Service-Disabled Veteran-Owned Small Business Program:
Vulnerability to Fraud and Abuse Remains
GAO-12-967T, Aug 2, 2012
- Accessible Text:
What GAO Found
In summary, VAs SDVOSB program remains vulnerable to fraud and abuse. VA has made inconsistent statements about its progress in verifying firms listed in VetBiz using the new, more-thorough process the agency implemented in response to the 2010 Act. In one communication, VA stated that as of February 2011, all new verifications would use the 2010 Act process going forward. According to the most-recent information provided by VA, there are 6,079 SDVOSBs and veteran-owned small businesses (VOSB) listed in VetBiz. Of these, 3,724 were verified under the more-through process implemented under the 2010 Act, and 2,355over 38 percentwere verified under the less-rigorous 2006 Act process. The presence of firms that have only been subjected to the less-stringent process that VA previously used represents a continuing vulnerability. In 2011, VAs Office of Inspector General (OIG) issued a report finding that VAs document review process under the 2006 Act in many cases was insufficient to establish control and ownership [and] in effect allowed businesses to self-certify as a veteran-owned or service-disabled veteran-owned small business with little supporting documentation.
VA has taken some positive action to enhance its fraud-prevention efforts. VA generally concurred with recommendations we issued in October 2011 and has established processes in response to 6 of the 13 recommendations. VA has also begun action on some remaining recommendations, such as providing fraud-awareness training and removing contracts from ineligible firms, though these procedures need to be finalized.
Why GAO Did This Study
This testimony discusses the Service-Disabled Veteran-Owned Small Business (SDVOSB) Programs vulnerabilities to fraud and abuse. This testimony is based on our report, Service-Disabled Veteran-Owned Small Business Program: Vulnerability to Fraud and Abuse Remains which was recently issued. In fiscal year 2010, federal agencies awarded $10.8 billion in small-business obligations to firms participating in the SDVOSB program, according to the Small Business Administration (SBA). The program is intended to honor business-owning veterans who incurred or aggravated disabilities in the line of duty by providing their firms with sole-source and set-aside contracting opportunities. Firms must meet several requirements to be eligible to participate in the program, such as being majority-owned by one or more service-disabled veterans who manage and control daily business operations.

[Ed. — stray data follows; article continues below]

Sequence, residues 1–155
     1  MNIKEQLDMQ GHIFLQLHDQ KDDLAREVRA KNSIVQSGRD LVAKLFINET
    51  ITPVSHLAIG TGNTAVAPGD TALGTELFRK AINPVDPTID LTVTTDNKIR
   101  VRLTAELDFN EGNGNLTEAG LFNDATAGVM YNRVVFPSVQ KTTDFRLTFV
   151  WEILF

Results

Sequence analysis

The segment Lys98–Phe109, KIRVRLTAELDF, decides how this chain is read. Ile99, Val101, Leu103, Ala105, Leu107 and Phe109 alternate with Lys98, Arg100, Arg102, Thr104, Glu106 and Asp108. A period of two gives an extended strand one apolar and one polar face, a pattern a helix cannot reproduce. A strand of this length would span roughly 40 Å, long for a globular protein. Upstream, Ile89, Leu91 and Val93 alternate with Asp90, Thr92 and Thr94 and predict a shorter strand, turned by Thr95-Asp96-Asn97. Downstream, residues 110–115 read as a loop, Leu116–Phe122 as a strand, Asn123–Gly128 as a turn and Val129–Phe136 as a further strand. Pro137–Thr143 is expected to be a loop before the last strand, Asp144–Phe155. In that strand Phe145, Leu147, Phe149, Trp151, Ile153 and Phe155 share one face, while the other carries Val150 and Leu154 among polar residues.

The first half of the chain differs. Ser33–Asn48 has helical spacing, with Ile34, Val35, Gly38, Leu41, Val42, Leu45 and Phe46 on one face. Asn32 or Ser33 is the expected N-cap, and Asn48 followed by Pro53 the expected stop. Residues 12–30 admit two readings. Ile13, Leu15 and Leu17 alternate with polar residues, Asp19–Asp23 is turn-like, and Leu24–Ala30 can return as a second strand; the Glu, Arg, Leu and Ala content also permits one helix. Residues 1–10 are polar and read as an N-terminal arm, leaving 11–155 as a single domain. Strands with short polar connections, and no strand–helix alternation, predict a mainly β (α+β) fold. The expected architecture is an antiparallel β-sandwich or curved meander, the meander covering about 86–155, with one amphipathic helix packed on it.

SBA administers the government-wide SDVOSB program but does not verify firms eligibility, stating that its only statutory obligation is to report other agencies success in meeting contracting goals. In addition to SBAs statutory authority over the government-wide program, the Department of Veterans Affairs (VA) has separate authority over issues related to its own SDVOSB program. VA awarded $3.2 billion in SDVOSB contracts in fiscal year 2010about 30 percent of government-wide SDVOSB awards. Unlike SBA, VA is bound by the Veterans Benefits, Health Care, and Information Technology Act of 2006 (2006 Act) to verify firms eligibility. Since 2009, we have issued 10 reports and testimonies detailing how the government-wide and VA SDVOSB programs are vulnerable to fraud and abuse, making numerous recommendations to strengthen fraud-prevention controls. In October 2010, Congress also passed the Veterans Small Business Verification Act (2010 Act), part of the Veterans Benefits Act of 2010, to require VA among other things to more-thoroughly validate firms eligibility before listing them in VetBiz, VAs database of eligible firms. In July 2011, we reported that both SBA and VA had taken positive steps in response to our findings and recommendations, but that vulnerabilities remained.
Congress requested that we again update our prior work and report the status of our recommendations. Our report assesses (1) VAs progress in addressing remaining vulnerabilities to fraud and abuse in its SDVOSB program and (2) actions taken by SBA or other federal agencies since our previous reports to improve government-wide SDVOSB fraud-prevention controls.
For more information, contact Richard J. Hillman at (202) 512-6722 or email@example.com.